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Meera joined CEG just before the beginning of the global COVID-19 pandemic in 2020. She began her career with CEG as a business controller and quickly worked her way to her current position as project and finance manager. Chatting with her while sitting in Malaysia over a video call, Meera gives us a peek behind the curtain of working with CEG and how it’s helped bring her out of her shell.

What are the top three things you find appealing about working for a company like CEG?

One, it’s not boring and it’s challenging. It’s a mix of both worlds; half of it involves daily repetitive matters but there’s always something new, so it’s never boring. Two, there is great career progression at CEG due to the client industries that you’re exposed to. There are always great clients to add to your portfolio. Three, you don’t need to be in a physical office to get work done. All you need is a laptop and internet access. This is very different from the Malaysian office culture, which still requires people to come to a physical office because it’s a way of trusting that their employees are actually working, but it’s not a realistic way of monitoring your employees.

What are your daily tasks like? Is there a lot of variety or is it more monotonous?

There are so many different things that we’ve done that I can’t even think of them all. But just to name a few, we do VAT filings, HR things, financial statements, and corporate restructuring, and one of the projects we’re currently working on concerns a new programme that was established due to the COVID-19 lockdowns. It’s called a NOW declaration and it’s a temporary emergency breaching measure for sustained employment. It’s for companies that have been hit with massive losses and are unable to pay their employees. Via this declaration, they are entitled to get compensation from the government. The bigger the company is, the larger the data to be processed so that’s what we’re working on for now.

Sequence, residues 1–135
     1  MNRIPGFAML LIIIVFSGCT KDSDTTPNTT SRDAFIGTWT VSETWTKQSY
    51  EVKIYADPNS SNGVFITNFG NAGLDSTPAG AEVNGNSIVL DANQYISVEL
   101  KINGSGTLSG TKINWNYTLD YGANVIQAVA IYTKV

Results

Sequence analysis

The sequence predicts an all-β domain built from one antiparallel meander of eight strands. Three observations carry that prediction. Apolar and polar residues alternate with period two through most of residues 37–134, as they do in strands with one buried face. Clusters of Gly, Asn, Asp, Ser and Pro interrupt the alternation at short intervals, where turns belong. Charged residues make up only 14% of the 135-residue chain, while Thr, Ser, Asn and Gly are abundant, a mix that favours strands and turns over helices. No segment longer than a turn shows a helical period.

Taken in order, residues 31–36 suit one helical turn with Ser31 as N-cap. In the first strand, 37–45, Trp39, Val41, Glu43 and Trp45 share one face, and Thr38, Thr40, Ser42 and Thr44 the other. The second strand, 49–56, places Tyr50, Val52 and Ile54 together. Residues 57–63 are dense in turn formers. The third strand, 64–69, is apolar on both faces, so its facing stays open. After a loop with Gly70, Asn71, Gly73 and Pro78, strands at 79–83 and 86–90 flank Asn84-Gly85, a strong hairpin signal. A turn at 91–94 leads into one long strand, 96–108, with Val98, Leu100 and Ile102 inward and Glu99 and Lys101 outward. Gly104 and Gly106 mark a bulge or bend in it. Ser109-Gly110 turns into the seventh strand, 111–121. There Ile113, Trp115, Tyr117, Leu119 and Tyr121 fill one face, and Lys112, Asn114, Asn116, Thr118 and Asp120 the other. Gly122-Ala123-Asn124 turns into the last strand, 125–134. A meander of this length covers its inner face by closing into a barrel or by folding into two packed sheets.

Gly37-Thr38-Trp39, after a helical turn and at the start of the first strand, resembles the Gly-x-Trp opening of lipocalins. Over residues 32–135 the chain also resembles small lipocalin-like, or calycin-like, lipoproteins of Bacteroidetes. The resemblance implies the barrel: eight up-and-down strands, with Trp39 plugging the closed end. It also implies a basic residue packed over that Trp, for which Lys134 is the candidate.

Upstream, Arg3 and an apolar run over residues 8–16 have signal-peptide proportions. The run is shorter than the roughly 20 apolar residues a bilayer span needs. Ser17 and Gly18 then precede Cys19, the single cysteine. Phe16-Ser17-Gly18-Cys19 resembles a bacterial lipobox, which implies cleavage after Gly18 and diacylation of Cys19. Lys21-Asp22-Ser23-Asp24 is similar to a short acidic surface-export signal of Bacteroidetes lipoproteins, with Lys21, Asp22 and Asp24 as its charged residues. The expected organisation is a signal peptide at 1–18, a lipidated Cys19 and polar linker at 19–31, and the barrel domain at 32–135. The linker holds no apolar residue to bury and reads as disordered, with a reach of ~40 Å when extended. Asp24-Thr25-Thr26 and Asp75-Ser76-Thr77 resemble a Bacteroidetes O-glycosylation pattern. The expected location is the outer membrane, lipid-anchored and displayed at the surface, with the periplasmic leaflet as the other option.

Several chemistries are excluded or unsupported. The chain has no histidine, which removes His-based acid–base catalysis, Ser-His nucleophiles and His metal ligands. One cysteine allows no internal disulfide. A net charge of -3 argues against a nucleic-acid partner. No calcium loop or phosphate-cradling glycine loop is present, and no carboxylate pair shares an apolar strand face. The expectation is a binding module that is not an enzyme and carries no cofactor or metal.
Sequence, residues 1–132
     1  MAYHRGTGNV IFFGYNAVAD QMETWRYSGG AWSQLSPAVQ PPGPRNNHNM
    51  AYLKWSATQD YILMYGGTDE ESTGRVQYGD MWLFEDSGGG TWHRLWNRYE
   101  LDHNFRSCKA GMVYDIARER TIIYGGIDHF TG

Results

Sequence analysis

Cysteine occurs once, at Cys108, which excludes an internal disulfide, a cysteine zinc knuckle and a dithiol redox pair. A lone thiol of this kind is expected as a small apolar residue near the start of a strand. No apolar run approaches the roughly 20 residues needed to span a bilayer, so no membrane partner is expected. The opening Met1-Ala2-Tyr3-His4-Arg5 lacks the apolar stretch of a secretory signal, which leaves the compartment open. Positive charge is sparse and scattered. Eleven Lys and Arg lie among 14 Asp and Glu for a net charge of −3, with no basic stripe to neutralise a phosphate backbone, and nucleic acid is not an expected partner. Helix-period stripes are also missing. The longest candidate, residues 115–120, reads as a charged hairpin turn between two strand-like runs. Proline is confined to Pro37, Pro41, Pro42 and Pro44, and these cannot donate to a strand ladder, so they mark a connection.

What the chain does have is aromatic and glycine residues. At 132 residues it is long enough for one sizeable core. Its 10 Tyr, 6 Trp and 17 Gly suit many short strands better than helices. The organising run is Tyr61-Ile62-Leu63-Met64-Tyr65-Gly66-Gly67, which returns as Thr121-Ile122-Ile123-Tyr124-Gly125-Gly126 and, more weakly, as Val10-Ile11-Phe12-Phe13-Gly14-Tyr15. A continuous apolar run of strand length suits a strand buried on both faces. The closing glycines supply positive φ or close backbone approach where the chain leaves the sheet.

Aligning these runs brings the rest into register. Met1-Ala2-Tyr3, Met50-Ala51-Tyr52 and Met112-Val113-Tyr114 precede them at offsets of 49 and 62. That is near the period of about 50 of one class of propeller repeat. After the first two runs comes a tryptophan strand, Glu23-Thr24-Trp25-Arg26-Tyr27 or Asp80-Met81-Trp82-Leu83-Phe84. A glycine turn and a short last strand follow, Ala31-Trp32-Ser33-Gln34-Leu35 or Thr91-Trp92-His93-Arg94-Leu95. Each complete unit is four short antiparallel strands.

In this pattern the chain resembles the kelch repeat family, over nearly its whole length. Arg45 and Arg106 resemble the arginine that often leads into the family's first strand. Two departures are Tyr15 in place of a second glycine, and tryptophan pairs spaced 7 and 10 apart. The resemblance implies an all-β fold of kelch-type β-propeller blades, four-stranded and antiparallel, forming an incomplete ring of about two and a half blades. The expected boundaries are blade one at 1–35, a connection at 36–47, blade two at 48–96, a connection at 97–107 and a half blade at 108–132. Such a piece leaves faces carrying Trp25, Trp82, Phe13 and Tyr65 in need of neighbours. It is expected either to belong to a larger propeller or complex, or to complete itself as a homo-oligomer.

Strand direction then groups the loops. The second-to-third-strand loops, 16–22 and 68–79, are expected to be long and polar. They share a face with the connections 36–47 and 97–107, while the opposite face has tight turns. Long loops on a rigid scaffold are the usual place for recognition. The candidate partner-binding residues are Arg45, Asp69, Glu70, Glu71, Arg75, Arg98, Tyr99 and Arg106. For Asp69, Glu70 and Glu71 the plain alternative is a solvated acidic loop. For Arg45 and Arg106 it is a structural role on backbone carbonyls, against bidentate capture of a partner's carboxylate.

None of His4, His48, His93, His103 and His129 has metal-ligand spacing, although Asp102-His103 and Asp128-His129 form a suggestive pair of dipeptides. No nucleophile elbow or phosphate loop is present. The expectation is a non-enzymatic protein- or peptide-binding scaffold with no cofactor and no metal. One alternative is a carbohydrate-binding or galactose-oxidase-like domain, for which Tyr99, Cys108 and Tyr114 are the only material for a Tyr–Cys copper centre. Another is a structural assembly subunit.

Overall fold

What does a typical day in the office look like for you?

I start work at 4 p.m. Malaysian time (GMT +8). The first thing I do is go through my emails, then I organise my Outlook calendar. I’ll speak to my manager for about 1.5 hours and then I’ll do my work, have my dinner, and continue working until around 12:30am, but during peak times, my working hours will be longer. I usually readjust my calendar for whatever work I can carry forward to the next day. That’s about it.

Flexibility at CEG is an integral part of the company. What does work flexibility look like to you?

If there’s ever a time when I need to check in late or I become unavailable, all I need to do is inform my manager, and it’s never a problem, and that’s definitely one of the ways in which CEG is super flexible as a company. I can basically come up with my own working hours as long as I let my manager know in advance. I’m never micromanaged.

You’re getting married soon; how has the company supported you throughout the process and are there any interesting circumstances in which CEG has supported you?

I think they’ve been very accommodating in terms of giving me the time off that I need. Sometimes, I just chat with my manager about my wedding plans; I’ll send him pictures of the décor, or we brainstorm ideas about my wedding. We often keep it casual but when needed, we’ll keep it professional.

One thing I’d like to mention is how CEG supports their permanent employees with the whole work-from-home environment. All permanent employees, myself included, get a budget to create a suitable and comfortable working space. I was given two external monitors, one laptop, a keyboard, a mouse, an office chair, an iPhone, a noise-cancelling headset and a height-adjustable desk, which is my favourite item. It’s great when you need to stretch your back and it allows you to work standing. I love working from the comfort of my home and it’s really nice that they choose to invest in our wellbeing in this way.

As an introvert, how has the work at CEG helped with bringing you out of your shell?

Honestly, sometimes I run back to my shell. I love that shell and it was tough, especially in the beginning. But I think the main thing that you need to have is knowledge of what you’re talking about and that’s an additional boost to your confidence. With that knowledge, you speak more boldly and that’s what I learned from my manager. He likes sending me motivational quotes about the importance of communication. He once sent me this Warren Buffet quote: “The one easy way to become 50% more than you are now, at least, is to hone your communication skills, both written and verbal. If you can’t communicate, it’s like winking at a girl in the dark—nothing happens. You can have all the brainpower in the world, but you have to be able to translate it.” He gives me all these positive reinforcements for learning how to communicate.

When I was first starting out in the role, he would give me opportunities to speak in smaller meetings but at other times, he threw me into the deep end, and I would have to learn how to swim solo in the larger meetings. The first time that happened, I completely messed it up, but my manager has always saved me, so thankfully, that meeting still ended well.

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